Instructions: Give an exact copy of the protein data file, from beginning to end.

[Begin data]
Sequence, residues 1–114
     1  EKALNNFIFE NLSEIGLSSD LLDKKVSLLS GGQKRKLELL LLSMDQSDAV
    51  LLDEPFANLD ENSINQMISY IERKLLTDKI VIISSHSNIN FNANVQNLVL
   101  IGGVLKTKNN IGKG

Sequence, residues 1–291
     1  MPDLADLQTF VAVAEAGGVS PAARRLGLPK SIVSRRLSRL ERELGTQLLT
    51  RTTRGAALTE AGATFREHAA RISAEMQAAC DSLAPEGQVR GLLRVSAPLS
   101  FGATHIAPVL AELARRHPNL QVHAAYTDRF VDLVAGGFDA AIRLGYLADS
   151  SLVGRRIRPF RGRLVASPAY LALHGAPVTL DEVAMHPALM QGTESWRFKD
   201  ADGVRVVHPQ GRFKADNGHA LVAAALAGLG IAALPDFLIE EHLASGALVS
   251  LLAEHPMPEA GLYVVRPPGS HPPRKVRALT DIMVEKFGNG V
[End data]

Sequence, residues 1–114
     1  EKALNNFIFE NLSEIGLSSD LLDKKVSLLS GGQKRKLELL LLSMDQSDAV
    51  LLDEPFANLD ENSINQMISY IERKLLTDKI VIISSHSNIN FNANVQNLVL
   101  IGGVLKTKNN IGKG

Sequence, residues 1–291
     1  MPDLADLQTF VAVAEAGGVS PAARRLGLPK SIVSRRLSRL ERELGTQLLT
    51  RTTRGAALTE AGATFREHAA RISAEMQAAC DSLAPEGQVR GLLRVSAPLS
   101  FGATHIAPVL AELARRHPNL QVHAAYTDRF VDLVAGGFDA AIRLGYLADS
   151  SLVGRRIRPF RGRLVASPAY LALHGAPVTL DEVAMHPALM QGTESWRFKD
   201  ADGVRVVHPQ GRFKADNGHA LVAAALAGLG IAALPDFLIE EHLASGALVS
   251  LLAEHPMPEA GLYVVRPPGS HPPRKVRALT DIMVEKFGNG V